Another example is a young Hispanic family who saved their money to buy a quadruple in the USC area. The family lives in the quadruplex and the woman manages it. She and her husband work for the city of Los Angeles. Their children are of school age. She has a tenant who is an 80 year old man who has lived there for many years and who pays around $ 450 per month, well below the market rate. She would never consider deporting him. He is kind and helpful, works around the property and pays on time. Where would he go? The third unit contains a long term tenant who pays low rent dislikes new owners. The previous owner never increased the rent. This new landlord granted tenants an eligible rent increase of 3%. His response was to start harassing new owners, smashing windows and screens, removing smoke detectors, and then filing complaints with the housing department and the Ministry of Building and Security. He puts on loud music and shouts insults at them when he sees them, even in front of children! He also harasses the woman who lives in the fourth apartment because she refuses to go on board with him to harass the owner. This fourth tenant successfully obtained a restraining order against him. She eventually moved and her unit remains empty. When the landlord tried to evict this bad tenant, he hired a tenant rights lawyer who demanded $ 125,000 for him to move out. Due to the moratorium on COVID-19 evictions, he has been living there free for two years, although it started the eviction before the moratorium. She currently has a paying tenant, the old man. Now that she has used up her savings, she has to take out a loan to cover construction costs, mortgage, taxes, etc. beautiful building she was so happy to own, but the tenant won’t let the appraisers in. to lose this beautiful old building. Probably the developers who will tear it down to make way for luxury units.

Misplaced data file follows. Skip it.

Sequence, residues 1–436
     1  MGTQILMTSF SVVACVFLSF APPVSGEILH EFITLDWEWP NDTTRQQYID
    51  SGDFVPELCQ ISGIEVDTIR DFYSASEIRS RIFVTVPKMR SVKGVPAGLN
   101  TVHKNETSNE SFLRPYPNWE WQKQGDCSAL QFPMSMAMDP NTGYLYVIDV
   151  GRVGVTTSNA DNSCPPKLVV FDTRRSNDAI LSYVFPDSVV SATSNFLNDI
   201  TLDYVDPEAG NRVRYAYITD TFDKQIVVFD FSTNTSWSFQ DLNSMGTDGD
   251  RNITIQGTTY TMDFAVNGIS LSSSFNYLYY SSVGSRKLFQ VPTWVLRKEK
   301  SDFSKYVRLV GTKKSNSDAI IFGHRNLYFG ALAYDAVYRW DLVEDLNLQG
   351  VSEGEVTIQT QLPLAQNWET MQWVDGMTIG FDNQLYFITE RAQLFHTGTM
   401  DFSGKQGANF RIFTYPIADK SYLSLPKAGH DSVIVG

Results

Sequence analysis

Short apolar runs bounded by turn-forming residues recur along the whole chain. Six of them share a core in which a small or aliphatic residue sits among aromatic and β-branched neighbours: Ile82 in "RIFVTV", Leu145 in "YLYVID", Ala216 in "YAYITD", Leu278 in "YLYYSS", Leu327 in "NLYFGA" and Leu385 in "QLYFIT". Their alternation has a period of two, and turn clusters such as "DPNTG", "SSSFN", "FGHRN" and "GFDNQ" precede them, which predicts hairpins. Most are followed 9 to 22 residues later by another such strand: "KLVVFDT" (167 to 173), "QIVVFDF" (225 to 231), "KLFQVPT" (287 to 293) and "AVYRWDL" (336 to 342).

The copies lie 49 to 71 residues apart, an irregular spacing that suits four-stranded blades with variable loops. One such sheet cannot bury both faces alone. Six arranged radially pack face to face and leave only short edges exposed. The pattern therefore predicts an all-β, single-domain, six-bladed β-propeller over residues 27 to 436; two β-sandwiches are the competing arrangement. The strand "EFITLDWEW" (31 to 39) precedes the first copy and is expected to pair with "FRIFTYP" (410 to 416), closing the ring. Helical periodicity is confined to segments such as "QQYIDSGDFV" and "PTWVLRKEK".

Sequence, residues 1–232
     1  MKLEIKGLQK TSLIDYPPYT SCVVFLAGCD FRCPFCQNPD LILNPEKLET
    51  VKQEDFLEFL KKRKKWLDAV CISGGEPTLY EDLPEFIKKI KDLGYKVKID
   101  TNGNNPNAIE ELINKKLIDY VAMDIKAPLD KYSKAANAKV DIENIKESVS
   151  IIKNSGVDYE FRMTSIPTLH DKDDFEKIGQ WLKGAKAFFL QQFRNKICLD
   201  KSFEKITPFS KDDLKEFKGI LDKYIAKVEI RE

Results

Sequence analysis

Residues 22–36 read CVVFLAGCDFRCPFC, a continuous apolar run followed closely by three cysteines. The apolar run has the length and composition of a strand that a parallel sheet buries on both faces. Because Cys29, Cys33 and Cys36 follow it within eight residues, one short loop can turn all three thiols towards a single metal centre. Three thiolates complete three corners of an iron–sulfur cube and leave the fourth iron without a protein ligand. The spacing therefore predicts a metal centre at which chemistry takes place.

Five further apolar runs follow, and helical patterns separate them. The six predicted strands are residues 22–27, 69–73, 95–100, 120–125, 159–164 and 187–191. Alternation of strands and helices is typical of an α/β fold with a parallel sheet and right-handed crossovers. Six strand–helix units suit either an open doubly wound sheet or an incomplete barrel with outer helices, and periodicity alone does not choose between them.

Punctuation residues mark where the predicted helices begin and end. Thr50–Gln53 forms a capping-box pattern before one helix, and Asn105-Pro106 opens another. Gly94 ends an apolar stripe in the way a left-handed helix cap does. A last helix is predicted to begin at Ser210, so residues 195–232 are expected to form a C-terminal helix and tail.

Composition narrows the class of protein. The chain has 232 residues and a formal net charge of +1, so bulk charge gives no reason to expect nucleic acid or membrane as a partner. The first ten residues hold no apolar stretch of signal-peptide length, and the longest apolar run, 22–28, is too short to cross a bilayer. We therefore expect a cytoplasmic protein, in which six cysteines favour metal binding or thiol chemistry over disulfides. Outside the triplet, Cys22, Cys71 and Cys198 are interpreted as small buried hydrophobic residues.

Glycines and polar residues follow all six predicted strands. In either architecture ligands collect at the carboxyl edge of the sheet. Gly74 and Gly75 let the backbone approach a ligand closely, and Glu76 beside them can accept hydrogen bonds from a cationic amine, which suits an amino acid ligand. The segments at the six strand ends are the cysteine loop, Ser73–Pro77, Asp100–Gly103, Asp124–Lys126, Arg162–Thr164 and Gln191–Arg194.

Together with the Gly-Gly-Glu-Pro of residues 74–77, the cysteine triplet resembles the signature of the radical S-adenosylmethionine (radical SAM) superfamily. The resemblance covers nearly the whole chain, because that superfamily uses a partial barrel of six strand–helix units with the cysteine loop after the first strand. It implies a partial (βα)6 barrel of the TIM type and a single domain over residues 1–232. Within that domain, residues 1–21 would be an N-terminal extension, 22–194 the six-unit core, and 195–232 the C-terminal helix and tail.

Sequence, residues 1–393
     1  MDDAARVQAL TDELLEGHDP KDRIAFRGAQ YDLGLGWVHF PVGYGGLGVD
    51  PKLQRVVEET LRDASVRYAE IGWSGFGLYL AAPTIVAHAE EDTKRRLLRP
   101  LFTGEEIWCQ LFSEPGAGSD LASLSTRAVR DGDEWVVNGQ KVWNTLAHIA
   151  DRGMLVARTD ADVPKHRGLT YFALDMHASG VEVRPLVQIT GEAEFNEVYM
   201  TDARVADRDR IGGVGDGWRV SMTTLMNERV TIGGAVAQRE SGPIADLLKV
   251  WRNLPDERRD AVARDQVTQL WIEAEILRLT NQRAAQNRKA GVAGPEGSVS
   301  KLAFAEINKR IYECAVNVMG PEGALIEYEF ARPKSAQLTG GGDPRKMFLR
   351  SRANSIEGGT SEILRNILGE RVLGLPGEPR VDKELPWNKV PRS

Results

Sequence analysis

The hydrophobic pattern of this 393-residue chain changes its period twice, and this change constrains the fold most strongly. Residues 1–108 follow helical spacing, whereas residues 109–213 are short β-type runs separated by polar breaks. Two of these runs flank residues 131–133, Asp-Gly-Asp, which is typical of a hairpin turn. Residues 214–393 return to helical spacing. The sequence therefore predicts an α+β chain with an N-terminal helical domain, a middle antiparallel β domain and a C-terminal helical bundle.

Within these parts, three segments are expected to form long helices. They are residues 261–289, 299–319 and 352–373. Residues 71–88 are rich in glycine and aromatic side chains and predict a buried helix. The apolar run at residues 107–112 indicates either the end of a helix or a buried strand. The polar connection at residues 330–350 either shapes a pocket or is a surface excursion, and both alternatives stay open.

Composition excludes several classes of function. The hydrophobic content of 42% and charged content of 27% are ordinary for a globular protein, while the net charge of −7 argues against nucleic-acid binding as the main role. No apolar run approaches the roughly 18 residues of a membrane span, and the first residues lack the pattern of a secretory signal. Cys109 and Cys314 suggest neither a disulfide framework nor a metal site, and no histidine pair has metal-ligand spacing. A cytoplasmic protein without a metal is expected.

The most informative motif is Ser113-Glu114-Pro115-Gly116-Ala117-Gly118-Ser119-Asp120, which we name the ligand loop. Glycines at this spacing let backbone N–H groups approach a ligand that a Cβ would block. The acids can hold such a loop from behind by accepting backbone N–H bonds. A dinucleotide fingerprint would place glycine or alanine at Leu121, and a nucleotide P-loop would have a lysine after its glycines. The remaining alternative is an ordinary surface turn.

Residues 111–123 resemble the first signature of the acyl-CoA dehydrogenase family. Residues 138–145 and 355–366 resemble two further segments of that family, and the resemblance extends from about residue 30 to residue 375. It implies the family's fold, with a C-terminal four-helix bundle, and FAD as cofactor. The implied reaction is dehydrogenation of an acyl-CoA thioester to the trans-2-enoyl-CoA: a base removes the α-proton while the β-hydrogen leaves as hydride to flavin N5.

James Burling, vice president of legal affairs, Pacific Legal Foundation in Sacramento said it best:
“It should be noted up front that landlords are not in the business of eviction; their mission is to provide housing to those who can afford it. Most landlords in a situation like today’s crisis will try to find a solution with troubled tenants without them being responsible, as opposed to tenants who are struggling. Homeowners are neither a charity nor the source of unlimited resources through which they can maintain housing in good condition while paying taxes, interest, and utilities for free. Any lease which results in an eviction represents a failure for both the lessor and the lessee. No one wants to evict a tenant and no tenant wants to be evicted. But sometimes eviction is the only cure. (Burling, James: California Litigation Vol. 34 No. 1 2021 p. 31).
To drive home the point, during my 12 years of practice in real estate and commercial litigation, NOT ONCE has a landlord come to evict a tenant in order to collect more rent. It is almost exclusively a question of non-payment of rent or of hindering the peaceful enjoyment of other tenants. This is reflected in the many affordable units across Los Angeles where families have lived peacefully for many years with low rents and no issues. We believe that tougher eviction control laws will drive out small businesses, ‘moms and pops’ and minority landlords, leading to increased development of high-end corporate-owned properties, gentrification and wealth disparity. . Again, look at Los Angeles, San Francisco, New York. Strict rent control / eviction control and highest number of homeless people. Coincidence? I do not think so.
Jenifer Anisman, Esq. is a lawyer with the Los Angeles law firm Harold Greenberg specializing in landlord / tenant issues. You can reach Jenifer at [email protected] or by phone at (323) 732-9536.